The reason is that the world population will swell to a whopping 9.8bn by 2050, with the growth occurring mostly in developing nations within Africa and Asia.
“We need to manage the challenges of producing significantly more food for an expanding world population while simultaneously reducing the environmental footprint of our agricultural systems…
“Therefore, both accessibility and affordability will need to be considered if alternative proteins are to be a significant part of the solution,” shared biotechnology professor at Monash University Paul Wood and food science researcher Mahya Tavan in their co-authored paper.
The analysis titled “A review of the alternative protein industry” was recently published in the journal Current Opinion in Food Science.
It discussed the various proteins available today, such as plant-based, milk, fermented, cell-cultured, precision fermented, insect and microalgal, and their nutritional values. It also explores how such novel food products could improve the sustainability of the existing food systems.
The price should be right
According to reports, the global plant-based food market is expected to grow from USD$29.4bn in 2020 to USD$162bn by 2030.
For instance, in cellular agriculture, an expensive technology available today is the ability to grow mammalian and avian cells in large fermenters with capacities over 10,000 litres to produce meat products without the need for slaughter.
One such firm, the American alternative protein giant Eat Just, started selling cell-cultured chicken nuggets approved in Singapore in 2020.
In early June 2022, the CEO of Eat Just’s cultivated meat arm GOOD Meat, Josh Tetrick, exclusively shared with FoodNavigator-Asia.com that the company intended to multiply its output by building second plants in both Singapore and the US.
Additionally, a full-scale facility for cell-based meat could cost up to USD$450m to build. However, the initiative is believed to reduce production costs by 1,000 to 10,000-fold compared to conventionally-farmed ground beef.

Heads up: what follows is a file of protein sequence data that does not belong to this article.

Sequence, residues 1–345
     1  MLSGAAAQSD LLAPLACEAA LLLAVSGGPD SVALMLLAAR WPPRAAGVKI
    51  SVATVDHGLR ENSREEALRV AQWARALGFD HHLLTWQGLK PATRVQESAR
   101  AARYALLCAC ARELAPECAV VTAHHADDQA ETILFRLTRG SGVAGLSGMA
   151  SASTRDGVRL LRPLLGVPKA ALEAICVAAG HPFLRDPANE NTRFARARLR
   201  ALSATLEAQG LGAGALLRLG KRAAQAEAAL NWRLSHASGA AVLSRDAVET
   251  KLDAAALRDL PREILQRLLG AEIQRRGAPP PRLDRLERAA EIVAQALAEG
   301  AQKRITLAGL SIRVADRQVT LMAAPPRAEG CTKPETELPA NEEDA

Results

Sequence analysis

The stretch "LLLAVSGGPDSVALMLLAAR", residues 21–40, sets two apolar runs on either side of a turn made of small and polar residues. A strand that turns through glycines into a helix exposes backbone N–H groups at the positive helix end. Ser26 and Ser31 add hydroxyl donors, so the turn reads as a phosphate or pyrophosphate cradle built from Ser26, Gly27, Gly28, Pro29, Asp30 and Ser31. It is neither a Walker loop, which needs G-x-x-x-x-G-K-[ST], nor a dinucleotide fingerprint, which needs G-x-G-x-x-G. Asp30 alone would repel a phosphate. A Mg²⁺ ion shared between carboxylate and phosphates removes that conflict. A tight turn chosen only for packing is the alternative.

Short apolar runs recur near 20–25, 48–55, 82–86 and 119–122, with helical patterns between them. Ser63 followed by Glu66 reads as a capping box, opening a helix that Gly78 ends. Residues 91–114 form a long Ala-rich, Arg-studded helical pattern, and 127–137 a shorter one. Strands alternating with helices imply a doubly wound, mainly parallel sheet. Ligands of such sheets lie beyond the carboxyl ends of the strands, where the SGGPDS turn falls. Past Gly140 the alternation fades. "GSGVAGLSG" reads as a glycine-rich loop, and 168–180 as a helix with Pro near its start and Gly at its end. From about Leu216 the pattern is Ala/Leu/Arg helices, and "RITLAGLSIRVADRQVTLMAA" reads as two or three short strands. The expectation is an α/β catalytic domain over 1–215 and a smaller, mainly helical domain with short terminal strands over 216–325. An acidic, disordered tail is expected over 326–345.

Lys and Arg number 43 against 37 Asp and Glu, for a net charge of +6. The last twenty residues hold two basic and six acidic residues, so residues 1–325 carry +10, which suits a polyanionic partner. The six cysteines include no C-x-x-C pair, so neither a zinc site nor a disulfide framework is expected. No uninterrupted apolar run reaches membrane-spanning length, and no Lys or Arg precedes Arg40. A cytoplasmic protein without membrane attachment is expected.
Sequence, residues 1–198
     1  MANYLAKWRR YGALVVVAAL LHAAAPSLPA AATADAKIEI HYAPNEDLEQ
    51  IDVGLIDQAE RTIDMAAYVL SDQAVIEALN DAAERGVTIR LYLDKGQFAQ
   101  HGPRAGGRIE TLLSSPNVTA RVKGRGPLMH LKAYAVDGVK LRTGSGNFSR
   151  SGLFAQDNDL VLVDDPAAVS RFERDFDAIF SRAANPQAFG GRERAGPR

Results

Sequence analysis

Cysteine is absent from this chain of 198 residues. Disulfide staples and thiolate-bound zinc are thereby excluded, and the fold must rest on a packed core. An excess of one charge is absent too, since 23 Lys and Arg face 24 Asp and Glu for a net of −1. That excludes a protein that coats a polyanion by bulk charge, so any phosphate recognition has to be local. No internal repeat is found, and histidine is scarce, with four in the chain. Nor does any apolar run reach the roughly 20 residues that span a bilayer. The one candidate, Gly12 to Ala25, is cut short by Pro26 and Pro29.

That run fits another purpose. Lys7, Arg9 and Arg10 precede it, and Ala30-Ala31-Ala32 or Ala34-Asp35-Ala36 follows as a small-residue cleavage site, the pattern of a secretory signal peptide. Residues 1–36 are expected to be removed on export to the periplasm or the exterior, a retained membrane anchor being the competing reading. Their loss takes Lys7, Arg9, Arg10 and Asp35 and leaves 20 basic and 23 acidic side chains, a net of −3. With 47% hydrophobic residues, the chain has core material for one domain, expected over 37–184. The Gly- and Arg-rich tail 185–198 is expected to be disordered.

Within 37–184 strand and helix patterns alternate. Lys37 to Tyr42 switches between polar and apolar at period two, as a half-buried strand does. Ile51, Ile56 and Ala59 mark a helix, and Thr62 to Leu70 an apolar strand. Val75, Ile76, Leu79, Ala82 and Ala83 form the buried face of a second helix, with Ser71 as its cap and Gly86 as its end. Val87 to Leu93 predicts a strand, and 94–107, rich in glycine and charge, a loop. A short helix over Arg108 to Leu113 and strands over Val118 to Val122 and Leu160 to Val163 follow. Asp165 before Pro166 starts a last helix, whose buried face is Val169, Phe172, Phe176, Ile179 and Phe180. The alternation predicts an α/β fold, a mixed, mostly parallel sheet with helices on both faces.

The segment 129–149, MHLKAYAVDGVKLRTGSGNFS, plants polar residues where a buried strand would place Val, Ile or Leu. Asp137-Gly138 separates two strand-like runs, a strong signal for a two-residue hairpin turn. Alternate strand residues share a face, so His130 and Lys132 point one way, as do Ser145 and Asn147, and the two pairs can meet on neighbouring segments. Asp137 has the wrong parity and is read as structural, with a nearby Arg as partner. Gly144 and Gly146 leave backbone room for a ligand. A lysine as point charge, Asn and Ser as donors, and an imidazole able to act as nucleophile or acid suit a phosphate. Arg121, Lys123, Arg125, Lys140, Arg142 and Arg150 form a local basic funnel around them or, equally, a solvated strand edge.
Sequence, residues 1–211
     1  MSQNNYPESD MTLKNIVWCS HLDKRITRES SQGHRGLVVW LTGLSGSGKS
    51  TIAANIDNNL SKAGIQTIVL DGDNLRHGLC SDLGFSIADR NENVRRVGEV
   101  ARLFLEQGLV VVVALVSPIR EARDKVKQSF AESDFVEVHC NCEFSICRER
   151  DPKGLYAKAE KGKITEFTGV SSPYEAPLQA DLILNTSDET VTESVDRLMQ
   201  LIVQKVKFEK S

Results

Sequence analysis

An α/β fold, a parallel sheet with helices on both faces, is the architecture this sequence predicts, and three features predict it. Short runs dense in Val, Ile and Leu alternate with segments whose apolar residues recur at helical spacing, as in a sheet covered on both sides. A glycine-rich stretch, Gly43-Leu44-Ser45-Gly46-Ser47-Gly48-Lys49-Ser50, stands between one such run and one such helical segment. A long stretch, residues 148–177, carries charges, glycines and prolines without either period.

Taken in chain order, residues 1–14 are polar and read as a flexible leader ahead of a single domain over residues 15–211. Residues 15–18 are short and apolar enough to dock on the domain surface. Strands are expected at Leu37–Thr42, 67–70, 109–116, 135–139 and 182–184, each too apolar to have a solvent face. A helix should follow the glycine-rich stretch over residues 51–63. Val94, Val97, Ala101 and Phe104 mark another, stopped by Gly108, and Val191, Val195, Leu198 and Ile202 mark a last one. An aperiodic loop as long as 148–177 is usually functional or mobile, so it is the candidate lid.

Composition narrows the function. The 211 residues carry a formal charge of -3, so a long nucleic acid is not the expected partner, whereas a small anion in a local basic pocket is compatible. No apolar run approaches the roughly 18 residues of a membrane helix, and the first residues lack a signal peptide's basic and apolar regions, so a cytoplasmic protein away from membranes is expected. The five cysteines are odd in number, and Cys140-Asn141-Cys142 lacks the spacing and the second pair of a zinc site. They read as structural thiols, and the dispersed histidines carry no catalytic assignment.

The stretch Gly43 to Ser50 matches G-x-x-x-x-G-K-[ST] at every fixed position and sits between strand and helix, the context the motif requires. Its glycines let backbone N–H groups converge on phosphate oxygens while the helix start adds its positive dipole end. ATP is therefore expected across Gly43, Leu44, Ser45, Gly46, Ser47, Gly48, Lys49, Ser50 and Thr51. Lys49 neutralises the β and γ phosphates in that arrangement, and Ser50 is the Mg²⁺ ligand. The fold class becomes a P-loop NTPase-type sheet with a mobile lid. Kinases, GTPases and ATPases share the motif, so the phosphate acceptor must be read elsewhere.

For insect protein, the first EU-approved insect-based product using yellow mealworms was introduced in May 2021. But the manufacturing costs, variability of raw materials and consistency of the final product proved to be major challenges.
Accessible to many
Advocating for sustainable consumption, such as through the EAT Lancet diet, was also done to alleviate the environmental impact. However, such a move excludes large parts of the population in developing countries that are facing issues with affordability and accessibility.
“More interestingly, research has shown that even if the world’s second-largest meat-consuming nation, the US (124.1kg of meat/person/year), omitted all the animal-based products from their diets, it would only reduce the GHG emissions by 2.6% throughout the US,” the research stated.
In conclusion, the two researchers agreed that the current era is exhilarating for the field of alternative proteins, with over USD$2bn invested in companies within the past two years alone.
“For those products seeking to compete against animal-based products, the cost of goods, nutritional profile, and substantiating sustainable claims will be their major challenges. For totally new products based on insect proteins and cultured cells, consumer acceptance is also an issue.
“It is expected that the companies who best navigate these challenges will eventually dominate the market and absorb some of their smaller competitors. The need for significantly more protein to feed the expanding world population will remain the major driver for innovation in protein production, but we need to remember that almost all of this population growth will be in the developing world.
“The price of these novel products and issues with food distribution will be major challenges in developing nations,” the researchers wrote.